MR. VAN AMBURGH'S PUBLIC ENTRY.
Nomura has of late excited such a sensation as Mr. Vex AMBURGH'S announcement that he intended to make a public entry into London on Friday. " Under the patronage of her Majesty," ran the advertisement, the Lion King was about to open the English Operabouse, as his Patroness opens Parliament, by a procession. Some, who were critically disposed, muttered, that by making his performers, brute and human, appear in his train, whereas the Queen's wait for her at their houses—and by driving eight cream-coloured horses himself, whereas the Queen has hers driven before her by coachman and postilions—he was disloy- ally attempting to outshine Majesty. But goodnatured people, more disposed to see the show than find fault, hoped that he meant no harm, and hinted that the Queen might make every thing square by mounting the box herself the next time she opened Parliament, and making the Duke of WELLINGTON and Lord MEL- BOURNE, Lord JOHN RUSSELL and Sir ROBERT PEEL, Mr. Homo and Colonel SIBTHOBP, Mr. O'CONNELL and Lord STANLEY, Mr. FERRAND and Mr. COBDEN, walk arm in arm behind her,—an ex- ploit in the taming line far beyond any thing Mr. VAN Amnuacut has ever achieved.
" Redeunt Saturnia regna," sighed some, not so much at the thought of the lion thus being seen to walk arm-in-arm with the lamb, as at the thoughts of days when, in unsophisticated country- towns, Mr. VAN AMBURGH'S predecessors in the branch of art he professes, announced their arrival, not by placards and advertise- ments, but by parading the streets. Would he, it was anxiously inquired, drive his steeds himself in a natty gentleman-coachman costume, followed by his rope-dancers and equestrians in their spangled dresses, and by his clowns in all the grotesque of trunk- hose and plastered faces, as the tumblers used to do of old ? Or would he be preceded by a dozen trumpeters with awful din and puffed-out cheeks, arrayed in the coats of Beef-eaters, with huge bearskin caps ? For VAN Astauaust has united both callings m his own person.
The extremes of sated luxury and extreme simplicity meet. After running the round of all kinds of devices, from the town- crier's drum and bell up to the advertisement in the newspaper, those who wish to attract attention, having tried in vain the effect of their pictures on omnibuses, like Sir EDWARD Lyrros BULWER, or on huge placards on the walls, like the prize-ox about to figure in the Illustrated News—having in vain sent colossal hats, peristrephic towers, gothic monuments with stuffed-out dresses, and obelisks consecrated to "washable wigs," drawing on cars through the length and breadth of the Metropolis—are about to return to the primitive device of exhibiting their own pretty persons as their own best advertisement.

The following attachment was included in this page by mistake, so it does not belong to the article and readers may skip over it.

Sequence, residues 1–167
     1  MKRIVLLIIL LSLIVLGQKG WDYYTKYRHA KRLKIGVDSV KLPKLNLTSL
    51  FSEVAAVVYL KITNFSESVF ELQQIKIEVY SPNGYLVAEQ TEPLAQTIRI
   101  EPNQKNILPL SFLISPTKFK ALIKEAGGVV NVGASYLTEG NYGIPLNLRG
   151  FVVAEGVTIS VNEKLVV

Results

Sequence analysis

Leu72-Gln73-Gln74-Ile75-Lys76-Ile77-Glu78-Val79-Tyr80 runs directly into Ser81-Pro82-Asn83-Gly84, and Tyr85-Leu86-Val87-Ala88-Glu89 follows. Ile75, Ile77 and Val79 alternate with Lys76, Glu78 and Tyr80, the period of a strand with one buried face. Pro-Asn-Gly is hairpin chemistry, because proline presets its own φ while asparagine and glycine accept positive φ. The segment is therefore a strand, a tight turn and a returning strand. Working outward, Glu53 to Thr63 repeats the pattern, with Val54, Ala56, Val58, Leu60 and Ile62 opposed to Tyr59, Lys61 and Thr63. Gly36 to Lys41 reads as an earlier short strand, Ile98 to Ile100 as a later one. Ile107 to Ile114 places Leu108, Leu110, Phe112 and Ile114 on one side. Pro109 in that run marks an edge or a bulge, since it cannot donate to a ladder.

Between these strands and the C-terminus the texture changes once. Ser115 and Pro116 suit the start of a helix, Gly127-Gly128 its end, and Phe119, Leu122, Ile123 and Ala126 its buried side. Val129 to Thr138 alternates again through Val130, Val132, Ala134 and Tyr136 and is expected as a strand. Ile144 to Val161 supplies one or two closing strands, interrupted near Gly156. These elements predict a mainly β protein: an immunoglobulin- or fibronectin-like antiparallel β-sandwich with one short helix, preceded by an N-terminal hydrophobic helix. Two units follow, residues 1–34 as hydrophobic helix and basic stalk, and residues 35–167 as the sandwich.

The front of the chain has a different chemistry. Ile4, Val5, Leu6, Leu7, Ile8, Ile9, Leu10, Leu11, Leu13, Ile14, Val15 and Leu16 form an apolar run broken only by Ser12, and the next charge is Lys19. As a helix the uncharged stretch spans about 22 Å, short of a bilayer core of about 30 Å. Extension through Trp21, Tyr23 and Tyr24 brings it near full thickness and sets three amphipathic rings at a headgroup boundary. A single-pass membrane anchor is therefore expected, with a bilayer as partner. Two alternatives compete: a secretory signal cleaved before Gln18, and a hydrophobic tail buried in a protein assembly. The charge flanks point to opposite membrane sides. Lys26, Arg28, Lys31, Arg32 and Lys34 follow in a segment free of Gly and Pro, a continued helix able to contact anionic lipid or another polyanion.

The palmy state of " ground and lofty tumbling " and wild-beast exhibitions, as contrasted with the condition of the "legitimate drama," is ominous. Year after year is the public made to prick up its asinine ears by reports that MACREADY is going to restore the drama, or that VESTRIS is going to make Covent Garden the most delightful of resorts, or that the reign of KEMBLE has been restored; and year after year is this blast of trumpets followed by a confession that they cannot get on. The days of the drama are past : the circulating libraries have superseded it. All this annual puffing is no better than heaping some musty sticks over a glow- worm's tail and blowing for bare life with broken-winded bellows to kindle a flame. Theatricals are defunct or moribund ; but Astley's is immortal—growing daily in vigour and importance. The funeral procession of poor Ducaow made the carriage of the Speaker pause till it passed, and follow some way in its train, as that dignitary wended to the Palace with the Address of the Commons of England: and Docaow's craft is not interred with him—as the ovations of the new Caesar trode upon the heels of the apotheosis of the old, so quick the triumphal entry of the Lion King follows the funeral-procession of the Tamer of Horses.